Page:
With an omphalocele, omphalo- refers to the naval, also known as the bellybutton—or more formally the umbilicus—which is the attachment site of the umbilical cord, and -cele relates to hernia or swelling.
Omphalocele, therefore, is when some of the bowels herniate out into the umbilical cord.
During the fourth week of fetal development, the embryo starts to change shape from a flat, three-layer disc to something more shaped like a cylinder, a process called embryonic folding.
In the horizontal plane, the two lateral folds eventually come together and close off at the midline, except for at the umbilicus, where the umbilical cord connects the fetus to the placenta.
This folding allows for the formation of the gut within the abdominal cavity.
During around the sixth week of development, the liver and intestines grow really quickly, and because the abdominal cavity’s still pretty small, there’s limited space, which causes the midgut to herniate through the umbilical ring into the umbilical cord, and this happens normally.
At about week 10, though, the abdominal cavity typically has grown enough to allow the midgut to come back from the umbilical cord.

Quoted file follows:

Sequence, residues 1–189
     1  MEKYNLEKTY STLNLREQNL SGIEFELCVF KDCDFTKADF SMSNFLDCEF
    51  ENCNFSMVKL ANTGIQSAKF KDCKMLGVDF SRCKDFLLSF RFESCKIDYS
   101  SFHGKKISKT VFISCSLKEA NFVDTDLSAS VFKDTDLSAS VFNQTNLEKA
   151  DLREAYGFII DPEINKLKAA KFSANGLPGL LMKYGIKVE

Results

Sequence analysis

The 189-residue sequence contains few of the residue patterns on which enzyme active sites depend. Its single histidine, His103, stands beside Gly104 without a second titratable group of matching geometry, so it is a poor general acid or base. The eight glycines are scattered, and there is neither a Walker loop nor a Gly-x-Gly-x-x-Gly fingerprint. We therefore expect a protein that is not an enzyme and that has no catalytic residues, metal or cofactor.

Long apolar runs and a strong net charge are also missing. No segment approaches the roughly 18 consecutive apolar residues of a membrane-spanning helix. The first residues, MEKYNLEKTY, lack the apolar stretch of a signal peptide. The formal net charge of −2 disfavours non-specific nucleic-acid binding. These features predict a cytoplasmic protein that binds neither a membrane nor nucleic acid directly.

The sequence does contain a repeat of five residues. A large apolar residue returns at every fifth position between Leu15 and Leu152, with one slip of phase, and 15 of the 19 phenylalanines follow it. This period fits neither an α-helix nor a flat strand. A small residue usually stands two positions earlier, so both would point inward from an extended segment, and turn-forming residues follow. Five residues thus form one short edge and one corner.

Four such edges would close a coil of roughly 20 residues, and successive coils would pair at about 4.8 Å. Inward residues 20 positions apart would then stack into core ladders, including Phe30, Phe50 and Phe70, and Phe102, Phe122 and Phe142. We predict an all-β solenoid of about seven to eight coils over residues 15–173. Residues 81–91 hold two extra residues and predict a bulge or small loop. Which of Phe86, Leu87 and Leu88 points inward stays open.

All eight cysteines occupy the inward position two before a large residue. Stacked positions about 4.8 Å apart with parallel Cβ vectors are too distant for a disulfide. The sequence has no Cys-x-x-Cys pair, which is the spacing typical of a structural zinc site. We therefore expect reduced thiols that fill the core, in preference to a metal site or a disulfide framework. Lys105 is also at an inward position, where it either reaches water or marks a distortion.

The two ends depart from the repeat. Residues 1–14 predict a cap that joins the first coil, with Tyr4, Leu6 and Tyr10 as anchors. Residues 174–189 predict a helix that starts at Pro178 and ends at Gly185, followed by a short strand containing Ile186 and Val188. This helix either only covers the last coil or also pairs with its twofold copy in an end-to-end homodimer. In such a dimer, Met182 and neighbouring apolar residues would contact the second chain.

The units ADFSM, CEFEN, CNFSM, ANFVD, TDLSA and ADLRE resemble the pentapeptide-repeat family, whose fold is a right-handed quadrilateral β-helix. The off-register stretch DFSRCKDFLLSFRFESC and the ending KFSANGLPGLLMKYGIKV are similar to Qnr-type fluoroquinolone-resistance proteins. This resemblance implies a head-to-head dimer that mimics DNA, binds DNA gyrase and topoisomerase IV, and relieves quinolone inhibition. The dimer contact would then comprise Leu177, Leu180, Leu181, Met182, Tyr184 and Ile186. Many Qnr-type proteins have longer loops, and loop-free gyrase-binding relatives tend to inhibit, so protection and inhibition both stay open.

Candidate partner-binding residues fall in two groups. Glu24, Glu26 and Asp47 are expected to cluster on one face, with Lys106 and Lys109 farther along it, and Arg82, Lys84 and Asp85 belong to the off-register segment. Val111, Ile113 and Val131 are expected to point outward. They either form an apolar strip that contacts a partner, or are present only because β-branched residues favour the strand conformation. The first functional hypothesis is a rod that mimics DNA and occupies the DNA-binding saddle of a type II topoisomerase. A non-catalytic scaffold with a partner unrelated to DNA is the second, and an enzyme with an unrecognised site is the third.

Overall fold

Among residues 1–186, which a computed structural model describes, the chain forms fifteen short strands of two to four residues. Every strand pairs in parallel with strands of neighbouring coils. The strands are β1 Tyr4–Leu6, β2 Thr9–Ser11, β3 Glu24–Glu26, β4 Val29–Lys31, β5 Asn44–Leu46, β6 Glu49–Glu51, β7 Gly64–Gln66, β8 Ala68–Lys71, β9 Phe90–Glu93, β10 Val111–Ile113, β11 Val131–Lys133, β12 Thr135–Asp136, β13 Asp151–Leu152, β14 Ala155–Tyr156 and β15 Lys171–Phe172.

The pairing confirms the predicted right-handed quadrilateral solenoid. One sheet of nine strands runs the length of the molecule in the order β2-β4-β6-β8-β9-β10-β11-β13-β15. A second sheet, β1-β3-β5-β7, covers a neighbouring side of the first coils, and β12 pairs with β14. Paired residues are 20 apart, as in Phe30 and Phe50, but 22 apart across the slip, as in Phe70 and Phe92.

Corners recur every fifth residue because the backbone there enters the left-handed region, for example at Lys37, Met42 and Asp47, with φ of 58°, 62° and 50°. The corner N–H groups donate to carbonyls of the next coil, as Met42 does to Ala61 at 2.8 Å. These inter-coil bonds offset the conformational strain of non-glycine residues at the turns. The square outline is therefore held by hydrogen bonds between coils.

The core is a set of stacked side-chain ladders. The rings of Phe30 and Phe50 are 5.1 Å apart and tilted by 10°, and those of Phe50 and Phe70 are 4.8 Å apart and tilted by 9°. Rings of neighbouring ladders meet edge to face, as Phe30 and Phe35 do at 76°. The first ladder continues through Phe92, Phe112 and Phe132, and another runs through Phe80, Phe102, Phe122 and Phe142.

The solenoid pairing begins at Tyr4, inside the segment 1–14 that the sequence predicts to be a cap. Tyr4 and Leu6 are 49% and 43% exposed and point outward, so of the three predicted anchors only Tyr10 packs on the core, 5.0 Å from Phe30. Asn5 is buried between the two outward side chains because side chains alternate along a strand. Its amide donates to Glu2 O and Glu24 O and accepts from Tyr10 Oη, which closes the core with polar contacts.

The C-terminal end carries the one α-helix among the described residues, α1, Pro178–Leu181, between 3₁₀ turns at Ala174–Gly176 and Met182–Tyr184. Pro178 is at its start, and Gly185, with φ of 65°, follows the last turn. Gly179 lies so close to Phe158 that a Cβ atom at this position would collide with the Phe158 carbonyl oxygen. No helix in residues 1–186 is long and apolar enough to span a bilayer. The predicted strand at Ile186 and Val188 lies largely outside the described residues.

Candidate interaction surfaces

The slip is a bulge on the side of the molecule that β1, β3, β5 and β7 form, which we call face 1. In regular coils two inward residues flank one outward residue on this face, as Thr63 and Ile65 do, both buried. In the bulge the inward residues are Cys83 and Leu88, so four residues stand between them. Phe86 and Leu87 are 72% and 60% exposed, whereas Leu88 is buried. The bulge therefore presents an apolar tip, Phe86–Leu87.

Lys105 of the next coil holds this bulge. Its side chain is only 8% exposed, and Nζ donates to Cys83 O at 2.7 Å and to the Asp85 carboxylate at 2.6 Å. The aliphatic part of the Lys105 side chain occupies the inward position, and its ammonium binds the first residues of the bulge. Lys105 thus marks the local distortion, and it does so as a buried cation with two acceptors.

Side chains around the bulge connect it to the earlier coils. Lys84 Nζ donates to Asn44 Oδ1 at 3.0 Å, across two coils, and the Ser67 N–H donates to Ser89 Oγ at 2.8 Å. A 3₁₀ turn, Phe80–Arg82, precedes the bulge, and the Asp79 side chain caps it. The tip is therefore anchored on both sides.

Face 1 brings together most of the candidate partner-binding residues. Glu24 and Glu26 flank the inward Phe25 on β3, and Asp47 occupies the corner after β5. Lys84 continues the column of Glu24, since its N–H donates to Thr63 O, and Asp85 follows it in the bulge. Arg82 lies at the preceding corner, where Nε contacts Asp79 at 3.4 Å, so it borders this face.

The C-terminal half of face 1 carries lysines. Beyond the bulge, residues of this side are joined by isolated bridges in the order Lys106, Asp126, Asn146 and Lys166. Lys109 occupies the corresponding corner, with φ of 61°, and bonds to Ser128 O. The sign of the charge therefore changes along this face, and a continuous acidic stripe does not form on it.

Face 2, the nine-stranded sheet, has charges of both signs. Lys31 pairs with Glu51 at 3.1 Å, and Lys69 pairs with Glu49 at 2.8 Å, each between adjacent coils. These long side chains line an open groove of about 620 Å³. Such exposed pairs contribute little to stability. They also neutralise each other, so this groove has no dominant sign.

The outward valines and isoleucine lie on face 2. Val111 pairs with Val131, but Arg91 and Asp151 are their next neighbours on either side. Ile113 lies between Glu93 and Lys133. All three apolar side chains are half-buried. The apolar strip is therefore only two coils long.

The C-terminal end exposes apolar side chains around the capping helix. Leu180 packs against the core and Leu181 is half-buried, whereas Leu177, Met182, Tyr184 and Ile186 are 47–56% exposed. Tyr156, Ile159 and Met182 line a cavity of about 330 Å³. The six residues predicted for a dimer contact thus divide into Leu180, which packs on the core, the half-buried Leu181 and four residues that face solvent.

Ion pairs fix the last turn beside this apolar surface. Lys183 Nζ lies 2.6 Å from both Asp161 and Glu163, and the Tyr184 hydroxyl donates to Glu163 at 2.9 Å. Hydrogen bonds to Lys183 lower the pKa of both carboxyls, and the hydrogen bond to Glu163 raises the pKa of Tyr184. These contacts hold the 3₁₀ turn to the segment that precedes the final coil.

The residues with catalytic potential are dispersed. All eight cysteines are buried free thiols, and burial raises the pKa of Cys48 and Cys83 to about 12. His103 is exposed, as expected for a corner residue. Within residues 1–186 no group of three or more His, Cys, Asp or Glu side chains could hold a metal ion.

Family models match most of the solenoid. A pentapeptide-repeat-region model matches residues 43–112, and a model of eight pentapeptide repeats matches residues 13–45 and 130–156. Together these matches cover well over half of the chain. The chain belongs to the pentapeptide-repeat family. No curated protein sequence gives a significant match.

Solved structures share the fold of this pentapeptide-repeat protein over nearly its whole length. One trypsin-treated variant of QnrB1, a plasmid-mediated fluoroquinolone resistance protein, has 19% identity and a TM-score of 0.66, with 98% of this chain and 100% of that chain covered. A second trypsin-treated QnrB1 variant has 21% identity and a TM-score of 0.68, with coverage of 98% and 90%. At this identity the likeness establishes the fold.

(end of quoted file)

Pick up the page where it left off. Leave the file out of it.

With omphalocele, the midgut—along with potentially other organs from the abdominal cavity—fail to return back to the abdominal cavity, and therefore stay in the umbilical cord all the way through fetal development and even after birth.
Now, since the intestines and potentially other organs aren’t meant to be in the umbilical cord, there can be complications like the abdominal cavity not growing to its normal size, as well as pinched blood vessels and loss of blood flow to an organ.
So with an omphalocele, after birth the abdominal organs protrude out of the body, but are contained within the umbilical cord, meaning the organs are sealed by a peritoneal layer.